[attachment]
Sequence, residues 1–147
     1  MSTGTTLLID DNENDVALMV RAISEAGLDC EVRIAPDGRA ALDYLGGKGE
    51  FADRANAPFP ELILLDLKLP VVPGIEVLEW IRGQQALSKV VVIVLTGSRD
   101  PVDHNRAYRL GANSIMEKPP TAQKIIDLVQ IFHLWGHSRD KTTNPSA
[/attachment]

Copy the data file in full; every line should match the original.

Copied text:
Sequence, residues 1–147
     1  MSTGTTLLID DNENDVALMV RAISEAGLDC EVRIAPDGRA ALDYLGGKGE
    51  FADRANAPFP ELILLDLKLP VVPGIEVLEW IRGQQALSKV VVIVLTGSRD
   101  PVDHNRAYRL GANSIMEKPP TAQKIIDLVQ IFHLWGHSRD KTTNPSA